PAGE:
First, a nice introduction of our present environment. Please note the well developed and networked business side of this malware. Note the effective social engineering and need to properly train all employees in security and again, in accord with the Systems Development Life Cycle (SDLC), training is pure overhead as employees in training are not performing mission work. It is very apparent that we need to understand command line OS knowledge. You will also see an injection attack and we will understand this much better than the general audience member since we understand the 3-tier Web architecture (i.e. Web server, middle tier business logic which passes the SQL injection code through to the core DB tier).
Towards the end of the presentation, please recall my statement that security is 75% policy and how I can’t trust anything my family and friends send me via email. I cannot manage their security and it would be very bad if the Dept Chair of Computing and Information Sciences was to catch and spread malware… this is now extended to social networking and even social engineering. Finally he concludes with the statement I presented on day 1, “Fewer and fewer people know how to or are interested in looking under the hood of computing”.
Mobile Malware (and Use Policies)
In class, I always ask who has read the HVCC Computer Use Policy and it is rare that anyone has read it. This is important on many levels. First, it serves as professional development since it is likely that you will be asked to create or review policies in the future. Second, computer use and privacy policies are important for your protection and on this note, how many of you have read the Facebook and/or Google privacy policies. To really drive home the need to do this requisite research please see the following especially if you are an Android user.
The lesson is, always be on guard and always read the use and privacy statements.
Now we need to discuss this on another level (recall Business-IT-Society triangle). Recall our definition of architecture. If you are a CIO and you are allowing or deploying mobile devices what platform (e.g. Apple or Android) would you choose? Apple is expensive but as previously introduced, the iTunes store serves as a gatekeeper largely keeping malware off the ios platform so employees downloading apps from iTunes represents minimal risk. In contrast, if you purchase Android phones for your employees, they will download and install their own apps and the looser freer Android App Store approval and distribution process creates a far riskier environment.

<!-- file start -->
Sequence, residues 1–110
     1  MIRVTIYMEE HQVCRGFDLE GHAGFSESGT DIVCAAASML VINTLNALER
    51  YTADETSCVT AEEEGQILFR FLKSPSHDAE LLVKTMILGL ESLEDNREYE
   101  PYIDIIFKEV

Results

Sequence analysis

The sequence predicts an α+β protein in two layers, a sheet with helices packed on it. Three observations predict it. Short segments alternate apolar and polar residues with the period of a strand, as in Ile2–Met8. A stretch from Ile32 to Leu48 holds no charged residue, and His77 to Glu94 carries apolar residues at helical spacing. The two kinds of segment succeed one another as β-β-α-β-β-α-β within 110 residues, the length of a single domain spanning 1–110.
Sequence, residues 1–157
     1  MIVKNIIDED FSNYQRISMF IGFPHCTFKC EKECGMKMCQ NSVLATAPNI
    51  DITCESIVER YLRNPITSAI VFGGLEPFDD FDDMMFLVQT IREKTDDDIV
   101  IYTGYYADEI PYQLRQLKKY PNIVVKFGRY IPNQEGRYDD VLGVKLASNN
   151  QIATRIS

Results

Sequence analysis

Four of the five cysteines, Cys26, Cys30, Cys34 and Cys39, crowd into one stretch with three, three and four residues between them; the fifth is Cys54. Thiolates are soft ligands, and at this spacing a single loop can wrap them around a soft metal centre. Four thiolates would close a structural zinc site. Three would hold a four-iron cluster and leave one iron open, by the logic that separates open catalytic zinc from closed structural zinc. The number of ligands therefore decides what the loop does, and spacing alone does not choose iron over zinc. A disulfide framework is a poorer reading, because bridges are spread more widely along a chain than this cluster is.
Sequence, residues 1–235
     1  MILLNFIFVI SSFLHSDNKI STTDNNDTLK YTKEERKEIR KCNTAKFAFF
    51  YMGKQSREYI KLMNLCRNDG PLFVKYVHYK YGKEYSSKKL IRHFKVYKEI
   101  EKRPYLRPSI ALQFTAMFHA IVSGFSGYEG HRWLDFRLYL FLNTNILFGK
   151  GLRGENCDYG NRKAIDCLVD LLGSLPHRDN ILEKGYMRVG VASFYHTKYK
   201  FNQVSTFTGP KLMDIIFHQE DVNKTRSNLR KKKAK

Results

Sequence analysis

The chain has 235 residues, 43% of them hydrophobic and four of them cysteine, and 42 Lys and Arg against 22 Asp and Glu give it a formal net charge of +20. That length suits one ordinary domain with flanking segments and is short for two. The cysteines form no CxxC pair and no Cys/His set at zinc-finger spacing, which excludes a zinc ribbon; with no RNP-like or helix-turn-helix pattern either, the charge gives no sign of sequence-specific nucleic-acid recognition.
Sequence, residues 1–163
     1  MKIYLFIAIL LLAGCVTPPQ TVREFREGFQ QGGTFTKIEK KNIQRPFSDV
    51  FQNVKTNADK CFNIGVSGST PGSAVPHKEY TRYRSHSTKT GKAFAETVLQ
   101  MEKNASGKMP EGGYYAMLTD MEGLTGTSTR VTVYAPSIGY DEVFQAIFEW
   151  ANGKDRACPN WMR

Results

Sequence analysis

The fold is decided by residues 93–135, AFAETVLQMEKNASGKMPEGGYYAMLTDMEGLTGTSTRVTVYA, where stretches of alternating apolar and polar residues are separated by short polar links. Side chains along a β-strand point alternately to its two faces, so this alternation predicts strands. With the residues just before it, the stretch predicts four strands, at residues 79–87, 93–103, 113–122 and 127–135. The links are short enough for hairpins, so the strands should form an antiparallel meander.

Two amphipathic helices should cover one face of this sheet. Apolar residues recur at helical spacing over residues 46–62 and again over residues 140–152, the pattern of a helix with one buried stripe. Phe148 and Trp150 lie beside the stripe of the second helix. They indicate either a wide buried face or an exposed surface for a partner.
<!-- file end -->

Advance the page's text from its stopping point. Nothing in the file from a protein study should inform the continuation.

Now have you ever thought about what it would take to take advantage of 1 million stolen credit cards? A single person cannot use 1 million stolen cards as they would be discovered very quickly. Extending this, 100 or even 1000 or even 10,000 people could still not leverage or take advantage of 1 million stolen credit cards as even in the last case each one of the 10,000 people would need to use 100 credit cards and they would likely be discovered. What this illustrates is that you need a extremely large network of bad people to take advantage of 1 million stolen credit cards so in other words => Organized Crime.
Now it is also recognized that 1 genius hacker is worth 100s or 1000s of good programmers. Recruiting and paying a genius hacker a good salary is not difficult and provides a good return on investment. As an example, consider if you were a gifted programmer graduating from a top school. You are offered a job doing what appears to be legitimate work for ~$200,000+/year. Would you take the job? What is the ROI for organized crime paying a genius programmer this salary for several years when the payoff could be millions of stolen credit cards?
What I really wanted to drive home with this example is while everyone acknowledges computer crime, we have to look deeper at the business model as well (Business-IT-Society).
Please see the submenu for examples.